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A bad apple season has some U.S. fruit growers planning for life in a warmer world

Chuck and Diane Southers' apple orchard stretches over about 30 hilly acres in Concord, New Hampshire. A hard freeze in May killed most of their apple crop.
Mara Hoplamazian
/
NHPR
Chuck and Diane Southers' apple orchard stretches over about 30 hilly acres in Concord, New Hampshire. A hard freeze in May killed most of their apple crop.

CONCORD, N.H. — Chuck and Diane Southers' thermal alarm went off around 10:30 p.m. on a fateful night in mid-May.

The alarm takes the temperature out in their 30-acre orchard and blares loudly if it dips too low. That Thursday night in Concord, New Hampshire, it was about 35 degrees Fahrenheit. The temperature kept getting colder.

The Southers' apple orchard was in full bloom, which is normal for mid-May. This year's was particularly good.

"We called it a popcorn bloom," Diane Souther said. "The tree was just white with flowers."

By Friday morning, all the petals were turning brown. The Southers cut open baby apples, about the size of a pencil eraser. Their sap had frozen, expanded, and, in the process, the cells and seeds were destroyed.

"No seeds, no apples," Chuck Souther said, standing between rows of leafy green trees. The Southers first planted their apple orchard in 1978, right after they bought a neglected piece of land in New Hampshire's capital city. They planted their first trees even before they built their home. This year, branches reach into the air unburdened by fruit.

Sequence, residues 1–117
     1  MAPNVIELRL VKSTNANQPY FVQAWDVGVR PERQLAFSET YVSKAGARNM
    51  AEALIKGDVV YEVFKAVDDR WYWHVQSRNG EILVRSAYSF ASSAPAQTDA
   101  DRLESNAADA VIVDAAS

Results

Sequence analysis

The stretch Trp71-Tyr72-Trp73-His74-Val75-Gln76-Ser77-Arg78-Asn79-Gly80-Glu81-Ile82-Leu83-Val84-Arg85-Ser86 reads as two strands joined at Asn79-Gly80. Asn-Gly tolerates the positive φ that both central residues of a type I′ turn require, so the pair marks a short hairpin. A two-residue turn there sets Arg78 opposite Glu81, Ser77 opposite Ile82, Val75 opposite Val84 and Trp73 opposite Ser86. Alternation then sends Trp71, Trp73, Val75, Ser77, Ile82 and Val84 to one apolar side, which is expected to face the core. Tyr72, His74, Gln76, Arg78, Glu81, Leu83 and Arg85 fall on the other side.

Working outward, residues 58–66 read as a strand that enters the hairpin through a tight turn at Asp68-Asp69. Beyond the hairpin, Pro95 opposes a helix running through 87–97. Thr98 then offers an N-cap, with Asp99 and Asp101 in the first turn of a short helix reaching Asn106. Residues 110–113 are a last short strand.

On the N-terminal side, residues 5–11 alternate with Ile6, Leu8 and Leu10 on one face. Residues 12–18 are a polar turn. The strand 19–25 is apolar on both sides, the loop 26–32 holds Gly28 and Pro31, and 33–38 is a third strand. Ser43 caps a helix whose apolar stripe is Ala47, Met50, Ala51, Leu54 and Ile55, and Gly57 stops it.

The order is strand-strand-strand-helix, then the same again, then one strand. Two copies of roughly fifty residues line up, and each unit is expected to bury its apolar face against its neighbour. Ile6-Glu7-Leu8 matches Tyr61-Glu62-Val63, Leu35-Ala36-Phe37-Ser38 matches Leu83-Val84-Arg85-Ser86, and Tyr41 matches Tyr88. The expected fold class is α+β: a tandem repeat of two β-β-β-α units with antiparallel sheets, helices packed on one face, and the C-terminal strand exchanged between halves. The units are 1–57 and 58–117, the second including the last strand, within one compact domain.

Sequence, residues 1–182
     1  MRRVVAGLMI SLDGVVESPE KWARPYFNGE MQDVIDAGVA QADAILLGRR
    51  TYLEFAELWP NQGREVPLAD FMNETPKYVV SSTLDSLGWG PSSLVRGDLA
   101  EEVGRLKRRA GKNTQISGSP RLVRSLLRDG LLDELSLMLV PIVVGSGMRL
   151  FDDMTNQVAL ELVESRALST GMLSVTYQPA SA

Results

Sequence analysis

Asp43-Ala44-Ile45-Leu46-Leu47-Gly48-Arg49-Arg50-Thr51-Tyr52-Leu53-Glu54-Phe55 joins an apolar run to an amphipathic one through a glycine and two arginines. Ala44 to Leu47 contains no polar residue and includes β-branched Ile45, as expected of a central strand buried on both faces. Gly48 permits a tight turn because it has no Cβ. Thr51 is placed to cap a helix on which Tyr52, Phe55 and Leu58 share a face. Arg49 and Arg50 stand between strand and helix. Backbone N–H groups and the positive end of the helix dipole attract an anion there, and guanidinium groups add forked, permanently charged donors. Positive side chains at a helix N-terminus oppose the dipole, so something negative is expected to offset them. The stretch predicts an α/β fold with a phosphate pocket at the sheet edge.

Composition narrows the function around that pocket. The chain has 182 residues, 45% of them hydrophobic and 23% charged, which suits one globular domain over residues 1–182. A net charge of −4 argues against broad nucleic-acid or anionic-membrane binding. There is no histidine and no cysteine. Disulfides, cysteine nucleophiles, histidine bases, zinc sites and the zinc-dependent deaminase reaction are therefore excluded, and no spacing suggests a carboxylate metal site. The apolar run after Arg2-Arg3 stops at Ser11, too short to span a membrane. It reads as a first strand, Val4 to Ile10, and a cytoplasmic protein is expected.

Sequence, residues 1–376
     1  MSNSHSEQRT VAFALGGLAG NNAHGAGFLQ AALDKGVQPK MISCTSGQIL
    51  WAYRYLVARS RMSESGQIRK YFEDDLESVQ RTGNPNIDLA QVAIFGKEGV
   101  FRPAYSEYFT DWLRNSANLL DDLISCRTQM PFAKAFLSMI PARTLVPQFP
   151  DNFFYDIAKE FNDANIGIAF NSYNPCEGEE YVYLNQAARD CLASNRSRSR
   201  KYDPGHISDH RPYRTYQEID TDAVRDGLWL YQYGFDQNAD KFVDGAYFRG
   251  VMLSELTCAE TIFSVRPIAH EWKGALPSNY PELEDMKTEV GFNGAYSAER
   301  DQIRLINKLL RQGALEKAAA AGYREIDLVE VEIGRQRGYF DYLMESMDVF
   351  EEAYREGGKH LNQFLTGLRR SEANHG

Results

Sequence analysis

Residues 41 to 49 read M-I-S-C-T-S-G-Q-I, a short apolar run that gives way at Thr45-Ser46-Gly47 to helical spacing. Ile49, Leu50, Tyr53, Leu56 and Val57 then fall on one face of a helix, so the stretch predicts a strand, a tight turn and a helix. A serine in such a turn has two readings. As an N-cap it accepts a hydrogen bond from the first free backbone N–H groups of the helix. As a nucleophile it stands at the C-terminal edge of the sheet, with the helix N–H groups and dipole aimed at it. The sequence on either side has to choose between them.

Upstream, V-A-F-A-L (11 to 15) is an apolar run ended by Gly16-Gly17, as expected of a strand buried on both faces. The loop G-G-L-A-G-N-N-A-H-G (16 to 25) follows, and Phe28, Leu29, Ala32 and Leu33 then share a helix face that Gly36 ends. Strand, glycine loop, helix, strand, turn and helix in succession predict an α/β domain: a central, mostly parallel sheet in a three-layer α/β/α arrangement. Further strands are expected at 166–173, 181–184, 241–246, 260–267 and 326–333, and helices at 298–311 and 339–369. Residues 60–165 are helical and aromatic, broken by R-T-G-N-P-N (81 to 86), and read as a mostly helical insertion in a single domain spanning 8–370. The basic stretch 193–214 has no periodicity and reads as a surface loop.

Apple picking at places like the Southers' farm, called Apple Hill, is one of the quintessential New England fall traditions. But a good harvest depends on things that happened months before. This year, many of New Hampshire's trees have no fruit because of that freezing night in May.

Seasonal changes

Fruit growers like the Southers are watching human-caused climate change shift the seasonal patterns they've counted on for years to produce fruit. As the atmosphere warms and weather becomes more unpredictable, some farmers are considering big changes, like planting different crops or finding new ways to protect trees from the elements.

Chuck and Diane Souther planted their apple orchard in 1978. People come to pick apples every fall at the Southers' farm which is called Apple Hill.
Mara Hoplamazian / NHPR
/
NHPR
Chuck and Diane Souther planted their apple orchard in 1978. People come to pick apples every fall at the Southers' farm which is called Apple Hill.

In New Hampshire, farms at higher elevations fared better than lower elevation farms like the Southers. The director of the state's Farm Services Agency, Jeffery Holmes, said this year was unprecedented. Hundreds of acres of crops froze during two big cold snaps: first peaches in February, and then apples in May.

Chuck Souther said he sees weather conditions changing for his farm and others. He's hesitant to talk about the causes, like climate change, but he said the seasons are less predictable than they used to be.